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I'm trying to wrap my head around the basics of skinning and skeletal animation. I understand not every skeletal animation implementation works exactly the same, but I'm just trying to understand the generally accepted practice.

I'm not sure if I used the correct terminology for my question, but my issue is this - if I have a vertex with a single bone as a parent, I can just store the local coordinates to the parent.

So if my parent bone is at any random location and the vertex is located exactly where the parent bone is, I would store it's x,y location as 0,0. If it were to move the vertex down the length of the bone parallel to it, regardless of the parent bone's angle and location, the local x value for the vertex would increase and the y would stay the same. This makes sense, and the math to get from any arbitrary point in world space to that local position to it's parent is also very straightforward. This position local to the parent also seems like the ideal way to store the vertex information for any given vertex with a single parent bone.

My question is if the vertex has multiple weighted parents, what xy location is stored? Would I need to store the relative coordinates to each parent for each vertex, or is there some way to store a single coordinate that represents it's weighted position relative to all parents? And if the math isn't simple enough to be explained here, what is the math required to get this multi-weighted relative coordinate called so I can go find more information?

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A skeletal animation consists of three things, really: the bones, the skin, and the animation itself.

The bones form a "skeleton," a rig which is a crude representation of the overall thing being animated. A stick figure version, essentially. Every bone has a single parent except for the root bone, which is an orphan.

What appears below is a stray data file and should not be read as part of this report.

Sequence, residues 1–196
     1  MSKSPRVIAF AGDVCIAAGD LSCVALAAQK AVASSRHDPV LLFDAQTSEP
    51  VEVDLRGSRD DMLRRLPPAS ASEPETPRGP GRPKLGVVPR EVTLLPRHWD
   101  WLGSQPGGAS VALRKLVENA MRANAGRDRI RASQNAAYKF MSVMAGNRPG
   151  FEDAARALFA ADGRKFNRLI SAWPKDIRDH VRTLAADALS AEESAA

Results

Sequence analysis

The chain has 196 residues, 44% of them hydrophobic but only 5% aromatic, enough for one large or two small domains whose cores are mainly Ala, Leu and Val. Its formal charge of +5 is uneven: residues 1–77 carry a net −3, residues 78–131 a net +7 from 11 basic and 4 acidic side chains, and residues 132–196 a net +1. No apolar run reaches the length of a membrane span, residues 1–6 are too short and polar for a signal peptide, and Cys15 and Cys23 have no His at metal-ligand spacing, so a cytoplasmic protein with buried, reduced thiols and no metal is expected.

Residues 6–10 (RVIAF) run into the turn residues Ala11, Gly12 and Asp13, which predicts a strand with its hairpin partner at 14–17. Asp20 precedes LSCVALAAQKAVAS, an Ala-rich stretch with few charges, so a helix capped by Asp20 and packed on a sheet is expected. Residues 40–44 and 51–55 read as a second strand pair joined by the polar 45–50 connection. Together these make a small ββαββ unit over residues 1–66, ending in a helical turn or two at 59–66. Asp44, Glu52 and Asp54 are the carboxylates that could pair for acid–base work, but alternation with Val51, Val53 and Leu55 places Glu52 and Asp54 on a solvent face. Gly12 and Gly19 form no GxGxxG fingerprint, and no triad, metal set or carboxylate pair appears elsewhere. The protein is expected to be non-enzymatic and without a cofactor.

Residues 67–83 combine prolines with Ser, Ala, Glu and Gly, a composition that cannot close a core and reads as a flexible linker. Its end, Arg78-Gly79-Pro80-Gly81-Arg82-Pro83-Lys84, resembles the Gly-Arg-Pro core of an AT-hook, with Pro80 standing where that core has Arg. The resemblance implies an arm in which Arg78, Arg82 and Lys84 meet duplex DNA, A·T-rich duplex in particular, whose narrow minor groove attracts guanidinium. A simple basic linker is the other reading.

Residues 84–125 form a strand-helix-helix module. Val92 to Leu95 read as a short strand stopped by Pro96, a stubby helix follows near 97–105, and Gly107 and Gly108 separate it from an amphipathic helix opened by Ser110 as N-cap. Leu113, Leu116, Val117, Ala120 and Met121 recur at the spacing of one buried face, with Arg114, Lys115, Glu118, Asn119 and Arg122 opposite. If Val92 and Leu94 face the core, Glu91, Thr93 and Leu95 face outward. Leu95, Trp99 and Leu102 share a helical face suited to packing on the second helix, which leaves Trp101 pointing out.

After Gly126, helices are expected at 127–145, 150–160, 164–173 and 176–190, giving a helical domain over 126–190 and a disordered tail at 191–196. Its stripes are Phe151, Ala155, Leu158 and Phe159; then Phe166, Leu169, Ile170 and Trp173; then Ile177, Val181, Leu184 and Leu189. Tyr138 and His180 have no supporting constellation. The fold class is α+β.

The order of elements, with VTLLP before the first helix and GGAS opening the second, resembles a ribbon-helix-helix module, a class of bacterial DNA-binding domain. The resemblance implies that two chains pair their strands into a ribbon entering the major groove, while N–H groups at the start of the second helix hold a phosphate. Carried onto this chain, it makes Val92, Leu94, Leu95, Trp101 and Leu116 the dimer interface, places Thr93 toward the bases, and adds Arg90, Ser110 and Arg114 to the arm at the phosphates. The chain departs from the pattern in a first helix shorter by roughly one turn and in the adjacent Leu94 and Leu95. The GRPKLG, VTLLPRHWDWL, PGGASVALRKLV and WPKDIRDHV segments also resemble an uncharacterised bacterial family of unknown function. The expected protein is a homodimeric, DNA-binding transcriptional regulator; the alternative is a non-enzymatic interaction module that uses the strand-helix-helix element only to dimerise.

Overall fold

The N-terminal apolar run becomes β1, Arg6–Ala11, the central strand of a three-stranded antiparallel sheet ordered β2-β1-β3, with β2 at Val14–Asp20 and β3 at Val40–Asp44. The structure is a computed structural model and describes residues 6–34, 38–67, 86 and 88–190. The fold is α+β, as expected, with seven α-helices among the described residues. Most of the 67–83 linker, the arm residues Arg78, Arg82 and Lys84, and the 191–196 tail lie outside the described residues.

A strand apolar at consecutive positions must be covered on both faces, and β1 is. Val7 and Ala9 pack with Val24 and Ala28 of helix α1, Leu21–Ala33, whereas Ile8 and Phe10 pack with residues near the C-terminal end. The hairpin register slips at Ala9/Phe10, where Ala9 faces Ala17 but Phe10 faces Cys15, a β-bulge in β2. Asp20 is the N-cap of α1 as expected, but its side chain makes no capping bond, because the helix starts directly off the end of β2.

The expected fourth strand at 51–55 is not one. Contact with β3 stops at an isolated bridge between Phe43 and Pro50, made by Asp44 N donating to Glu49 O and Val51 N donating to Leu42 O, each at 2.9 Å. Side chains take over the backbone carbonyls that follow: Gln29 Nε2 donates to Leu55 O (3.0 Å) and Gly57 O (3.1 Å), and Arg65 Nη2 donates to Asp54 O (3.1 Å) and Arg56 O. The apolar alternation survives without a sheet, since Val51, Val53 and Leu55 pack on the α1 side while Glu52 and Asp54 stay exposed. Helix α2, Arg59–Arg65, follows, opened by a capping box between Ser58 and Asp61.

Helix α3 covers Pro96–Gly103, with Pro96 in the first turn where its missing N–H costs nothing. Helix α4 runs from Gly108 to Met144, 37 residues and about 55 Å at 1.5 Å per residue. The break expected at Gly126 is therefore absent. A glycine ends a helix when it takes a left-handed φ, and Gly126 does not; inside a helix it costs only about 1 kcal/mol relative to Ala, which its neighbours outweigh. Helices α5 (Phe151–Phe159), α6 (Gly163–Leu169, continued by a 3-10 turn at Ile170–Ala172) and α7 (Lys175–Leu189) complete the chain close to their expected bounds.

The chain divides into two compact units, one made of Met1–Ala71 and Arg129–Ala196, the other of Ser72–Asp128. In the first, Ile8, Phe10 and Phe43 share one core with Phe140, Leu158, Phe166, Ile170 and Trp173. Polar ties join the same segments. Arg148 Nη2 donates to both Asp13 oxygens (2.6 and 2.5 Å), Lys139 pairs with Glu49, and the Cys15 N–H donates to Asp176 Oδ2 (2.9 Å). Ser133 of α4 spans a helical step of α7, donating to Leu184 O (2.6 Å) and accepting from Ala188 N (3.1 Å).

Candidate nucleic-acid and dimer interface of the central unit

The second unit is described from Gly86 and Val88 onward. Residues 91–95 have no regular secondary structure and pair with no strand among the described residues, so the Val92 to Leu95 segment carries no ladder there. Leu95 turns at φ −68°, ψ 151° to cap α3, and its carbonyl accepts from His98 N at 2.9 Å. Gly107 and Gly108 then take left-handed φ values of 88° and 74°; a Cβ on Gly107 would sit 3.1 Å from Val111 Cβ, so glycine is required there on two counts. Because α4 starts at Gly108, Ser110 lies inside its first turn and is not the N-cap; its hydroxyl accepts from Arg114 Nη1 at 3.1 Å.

The animation drives the skeleton. An animation is essentially a collection of transformations to apply to each bone to move the stick figure in the desired fashion.

The skin is the actual vertices of the mesh in question. Every vertex is weighted to some collection of bones. The weight determines how much influence each bone's position has on the vertex position.

Each bone contributes to the vertex first in isolation. That is, the vertex is transformed into bone space, transformed per the bone's current transform (based on the current animation frame's impact on the skeleton), and back into mesh space. This yields, as you note, a position. For the sake of this discussion, call this an "intermediate position."

This is done for each contributing bone. The final resulting vertex is generally a simple linear combination of the intermediate positions based on the associated weight. That is, a vertex with weights (0.1, 0.2, 0.7, 0) against bones (1, 9, 2, 15) is 10% of bone 1's intermediate position, 20% of bone 2's, 70% bone 3's, and bone 15 has no influence since its weight is zero.

That final combined position is what is rendered.

The position of the vertex relative to the parent bone doesn't need to be stored. It's directly computable from the position of the vertex in bind (basically model) space and the bone in bind space. All you need is the vertex's bind space position, the four bone weights, the four bone indices, and the transformations for each bone (which the bone indices index into).

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  • \$\begingroup\$ The part of your answer that answers the question is the last paragraph if you'd like to edit for conciseness. But to clarify, the the bind space position is transformed to each parent bone, and then back into the model space after the weights are applied? Do you know if the bone-space position of the vertex for each weighted parent ever stored to trade off the computational cost of that extra transformation from bind space in exchange for the greater cost of storage in ram or vram? \$\endgroup\$ – nsfnotthrowingaway Jun 28 '16 at 17:15
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    \$\begingroup\$ I wouldn't ever consider storing that, personally, as the computational cost of that one extra aspect of the transform is trivial compared to extra cost in memory of storing it. \$\endgroup\$ – Josh Jun 28 '16 at 17:33

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